Oregon Regulators Protect Utility Customers and Climate in Paring Down NW Natural Rate Request

The Oregon Public Utility Commission ordered that the gas utility cannot charge households for aggressive anti-climate lobbying, promotional advertising, and investments in gas system expansion


Carra Sahler, Green Energy Institute at Lewis & Clark Law School, sahler@lclark.edu, (971) 213-9480

Kristen Boyles, Earthjustice, kboyles@earthjustice.org, (206) 930-6660

Oregon regulators partially rejected a proposal from the state’s largest gas utility, NW Natural, to raise gas bills to pay for gas system expansion, political lobbying to local governments to prevent climate action, and promotional advertising expenses, among other things. The Oregon Public Utility Commission’s (OPUC) decision today marks a major victory for Oregon ratepayers, and the group of climate, environmental justice, and community-led social justice organizations who intervened in the proceeding.

“The escalating climate crisis demands smarter energy choices. The Commission’s Order — limiting charges for new gas lines, misleading advertising, and pro-gas lobbying — reflects serious concern about NW Natural’s spending. It’s clear that NW Natural’s ratepayers should not bear the costs of a dying industry during a climate emergency,” said Kristen Boyles, attorney at Earthjustice representing the community groups.

The Commission took an important first step in reevaluating incentives for gas-system expansion during this climate emergency. Stating that continued use of NW Natural’s current line extension allowance would be “problematic,” the Commission set up a system of declining subsidies over the next three years for line extension allowances, which are subsidies for new gas hook ups.

The Order also approved the expansion of a low-income energy efficiency program, in part due to advocacy by community-led organizations like Community Energy Project. “This is an important move to make sure that our clean energy transition is more affordable. Now qualified customers may receive $4,000 per dwelling to make important improvements to their homes that save energy and increase comfort, including implementing critical health and safety measures,” explained Alma Pinto, Climate Justice Associate at Community Energy Project.

The Commission also slashed NW Natural’s requested rate increase for lobbying expenses. The Order specifically referenced the utility’s communications with local governments, including Multnomah County and Milwaukie city councilors, in its reasoning. It described NW Natural’s communications to local governments on climate policies or gas bans as “particularly problematic” and agreed that NW Natural should deduct a portion of its Community and Government Affairs expenses from rates. The Commission demanded NW Natural “provide detailed expense information that clearly categorizes its activity” in the future to ensure “meaningful stakeholder review of political activity[.]”

NW Natural’s attempt to recover costs for the printing and distribution of activity books targeted at school-age children that painted methane gas in a positive light, and associated it with pizza, cute animals, and baseball was also of note. In the Order, the Commission pointed out that asking children to identify natural gas as “clean” and diesel as “dirty” has “nothing to do with the purported safety messaging goal.” The Commission cautioned NW Natural to “carefully track its advertising costs” and ensure “expected expenses do not include promotional elements.”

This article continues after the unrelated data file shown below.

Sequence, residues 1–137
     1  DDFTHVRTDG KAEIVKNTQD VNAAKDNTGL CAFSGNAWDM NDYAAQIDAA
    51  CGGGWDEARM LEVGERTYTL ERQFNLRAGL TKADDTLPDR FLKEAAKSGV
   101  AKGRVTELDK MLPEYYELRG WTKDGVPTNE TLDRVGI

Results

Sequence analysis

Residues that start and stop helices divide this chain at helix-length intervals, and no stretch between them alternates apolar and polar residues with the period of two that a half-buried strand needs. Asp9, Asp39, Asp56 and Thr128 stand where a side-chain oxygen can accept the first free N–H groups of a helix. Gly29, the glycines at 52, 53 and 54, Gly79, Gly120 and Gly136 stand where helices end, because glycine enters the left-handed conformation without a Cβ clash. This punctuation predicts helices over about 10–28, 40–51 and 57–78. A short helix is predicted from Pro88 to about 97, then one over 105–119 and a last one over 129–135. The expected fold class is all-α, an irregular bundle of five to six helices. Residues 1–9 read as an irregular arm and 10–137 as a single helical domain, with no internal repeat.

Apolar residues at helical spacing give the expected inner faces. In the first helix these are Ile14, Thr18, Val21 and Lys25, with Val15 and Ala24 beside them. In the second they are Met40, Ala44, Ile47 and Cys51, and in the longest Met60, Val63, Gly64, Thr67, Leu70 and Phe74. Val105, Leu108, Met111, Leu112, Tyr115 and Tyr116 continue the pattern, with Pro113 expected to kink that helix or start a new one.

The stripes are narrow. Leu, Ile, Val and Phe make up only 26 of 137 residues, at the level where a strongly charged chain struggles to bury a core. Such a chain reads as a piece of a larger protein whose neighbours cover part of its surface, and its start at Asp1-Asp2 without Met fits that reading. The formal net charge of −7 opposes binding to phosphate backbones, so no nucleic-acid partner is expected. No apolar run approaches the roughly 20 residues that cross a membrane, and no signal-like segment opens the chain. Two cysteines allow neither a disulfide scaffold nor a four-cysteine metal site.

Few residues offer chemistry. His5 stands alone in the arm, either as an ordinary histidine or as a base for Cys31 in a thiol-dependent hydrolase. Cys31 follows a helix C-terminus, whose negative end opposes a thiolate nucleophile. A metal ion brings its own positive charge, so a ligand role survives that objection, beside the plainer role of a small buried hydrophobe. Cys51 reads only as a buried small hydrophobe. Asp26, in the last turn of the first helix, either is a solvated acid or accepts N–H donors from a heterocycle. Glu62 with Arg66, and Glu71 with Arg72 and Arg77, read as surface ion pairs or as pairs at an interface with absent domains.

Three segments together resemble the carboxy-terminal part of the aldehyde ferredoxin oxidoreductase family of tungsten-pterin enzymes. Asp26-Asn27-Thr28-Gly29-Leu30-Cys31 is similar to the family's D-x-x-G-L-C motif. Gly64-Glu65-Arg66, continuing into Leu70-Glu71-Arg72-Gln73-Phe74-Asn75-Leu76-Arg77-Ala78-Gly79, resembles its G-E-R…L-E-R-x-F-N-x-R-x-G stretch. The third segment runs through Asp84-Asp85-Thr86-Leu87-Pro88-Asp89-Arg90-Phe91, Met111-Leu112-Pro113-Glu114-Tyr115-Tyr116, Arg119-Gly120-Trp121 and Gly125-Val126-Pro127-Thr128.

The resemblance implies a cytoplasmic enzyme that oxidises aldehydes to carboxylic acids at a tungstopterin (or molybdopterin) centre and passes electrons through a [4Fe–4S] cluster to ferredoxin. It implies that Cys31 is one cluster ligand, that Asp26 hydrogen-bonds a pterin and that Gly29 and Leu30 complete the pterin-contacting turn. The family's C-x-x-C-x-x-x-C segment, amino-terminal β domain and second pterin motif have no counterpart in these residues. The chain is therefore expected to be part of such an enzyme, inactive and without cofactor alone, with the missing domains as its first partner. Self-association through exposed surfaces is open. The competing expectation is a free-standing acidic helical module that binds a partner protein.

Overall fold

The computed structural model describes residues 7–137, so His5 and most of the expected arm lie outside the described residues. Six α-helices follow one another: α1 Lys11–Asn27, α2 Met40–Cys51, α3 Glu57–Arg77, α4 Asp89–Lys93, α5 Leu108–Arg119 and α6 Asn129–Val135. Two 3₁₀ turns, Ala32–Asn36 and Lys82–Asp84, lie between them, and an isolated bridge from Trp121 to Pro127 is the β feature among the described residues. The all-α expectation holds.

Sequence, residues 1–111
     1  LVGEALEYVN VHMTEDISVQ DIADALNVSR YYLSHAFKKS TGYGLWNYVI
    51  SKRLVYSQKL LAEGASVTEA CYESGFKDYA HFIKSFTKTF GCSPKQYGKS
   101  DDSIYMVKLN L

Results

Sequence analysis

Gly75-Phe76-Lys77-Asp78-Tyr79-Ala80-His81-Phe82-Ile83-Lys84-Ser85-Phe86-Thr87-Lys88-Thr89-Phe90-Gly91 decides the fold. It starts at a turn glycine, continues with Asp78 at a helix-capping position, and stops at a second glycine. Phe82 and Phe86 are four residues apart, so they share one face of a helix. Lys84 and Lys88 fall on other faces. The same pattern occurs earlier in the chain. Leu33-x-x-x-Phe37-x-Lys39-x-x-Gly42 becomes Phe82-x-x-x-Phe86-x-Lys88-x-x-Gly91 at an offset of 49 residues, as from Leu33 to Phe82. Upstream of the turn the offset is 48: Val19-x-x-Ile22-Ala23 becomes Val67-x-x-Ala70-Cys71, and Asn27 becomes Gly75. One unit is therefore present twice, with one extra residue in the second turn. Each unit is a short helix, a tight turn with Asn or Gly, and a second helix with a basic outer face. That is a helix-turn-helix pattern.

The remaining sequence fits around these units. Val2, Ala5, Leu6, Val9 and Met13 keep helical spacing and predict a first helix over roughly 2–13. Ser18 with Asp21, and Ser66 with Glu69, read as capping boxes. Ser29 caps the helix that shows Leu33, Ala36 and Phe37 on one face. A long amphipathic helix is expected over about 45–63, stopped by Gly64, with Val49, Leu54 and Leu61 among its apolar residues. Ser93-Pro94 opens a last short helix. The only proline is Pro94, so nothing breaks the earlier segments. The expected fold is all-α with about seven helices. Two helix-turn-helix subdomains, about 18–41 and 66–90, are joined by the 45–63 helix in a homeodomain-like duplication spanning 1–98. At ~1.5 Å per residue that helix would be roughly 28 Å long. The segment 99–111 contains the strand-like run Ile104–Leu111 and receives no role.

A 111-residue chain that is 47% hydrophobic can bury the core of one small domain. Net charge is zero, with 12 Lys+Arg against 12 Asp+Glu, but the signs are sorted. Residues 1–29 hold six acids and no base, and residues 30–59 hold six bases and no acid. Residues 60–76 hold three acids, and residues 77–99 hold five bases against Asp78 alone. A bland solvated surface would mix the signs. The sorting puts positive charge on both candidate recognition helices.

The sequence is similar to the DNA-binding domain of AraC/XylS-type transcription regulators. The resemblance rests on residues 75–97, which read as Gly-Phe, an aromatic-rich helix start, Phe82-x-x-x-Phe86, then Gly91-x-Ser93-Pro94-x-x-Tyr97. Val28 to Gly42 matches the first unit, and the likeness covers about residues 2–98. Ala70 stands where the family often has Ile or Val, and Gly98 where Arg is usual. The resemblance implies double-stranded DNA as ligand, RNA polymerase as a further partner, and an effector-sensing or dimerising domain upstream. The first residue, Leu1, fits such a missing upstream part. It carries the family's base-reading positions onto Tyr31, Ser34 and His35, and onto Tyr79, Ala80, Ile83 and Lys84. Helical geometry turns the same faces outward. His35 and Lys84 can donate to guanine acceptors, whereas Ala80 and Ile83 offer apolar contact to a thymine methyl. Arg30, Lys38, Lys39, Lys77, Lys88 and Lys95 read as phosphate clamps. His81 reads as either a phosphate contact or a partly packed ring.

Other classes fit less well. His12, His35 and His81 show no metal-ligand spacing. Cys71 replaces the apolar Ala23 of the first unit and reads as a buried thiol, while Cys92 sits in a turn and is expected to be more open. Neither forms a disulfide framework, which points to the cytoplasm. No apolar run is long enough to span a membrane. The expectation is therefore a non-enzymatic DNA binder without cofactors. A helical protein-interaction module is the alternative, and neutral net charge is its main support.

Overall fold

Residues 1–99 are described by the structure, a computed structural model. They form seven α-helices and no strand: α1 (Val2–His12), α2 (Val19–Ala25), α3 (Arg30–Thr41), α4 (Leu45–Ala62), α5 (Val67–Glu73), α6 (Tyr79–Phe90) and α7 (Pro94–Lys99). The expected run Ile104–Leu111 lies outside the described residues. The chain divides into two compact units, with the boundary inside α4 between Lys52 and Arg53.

“Marketing fossil fuels to children is wrong, period. Asking Oregon utility customers to foot the bill for this greenwashing school curriculum is even more unconscionable. Oregon regulators made the right decision today in choosing to protect Oregonians from this abuse of ratepayer dollars,” said Greer Ryan, Clean Buildings policy manager at Climate Solutions.

In their intervention, public interest groups were particularly concerned about the rate increase adding to the already high energy burden of residential ratepayers. Because of the advocacy from the group of climate, environmental justice, and community-led social justice organizations, along with ratepayer advocates at the Citizens Utility Board (CUB), the Commission rejected a significant portion of this increase request. However, even with the Commission’s partial rejection of NW Natural’s rate increase, Oregon ratepayers are still facing a significant bill increase this year.

“Oregon utility customers should not have to pay higher utility bills to bankroll a fossil-fuel expansion that is not in their best interest — it’s just that simple. The regulator’s decision to reduce NW Natural’s proposed rate hike is a first step towards protecting customers from the gas company’s dangerous effort to extend fossil fuel dependence for decades to come, at the expense of Oregonians’ health, climate, and utility bills,” said Carra Sahler, staff attorney with Green Energy Institute.

The group of public-interest advocates was represented by Earthjustice and the Green Energy Institute at Lewis & Clark Law School and includes Community Energy Project, Climate Solutions, Columbia Riverkeeper, Coalition of Communities of Color, Oregon Environmental Council, the Sierra Club, and Verde.

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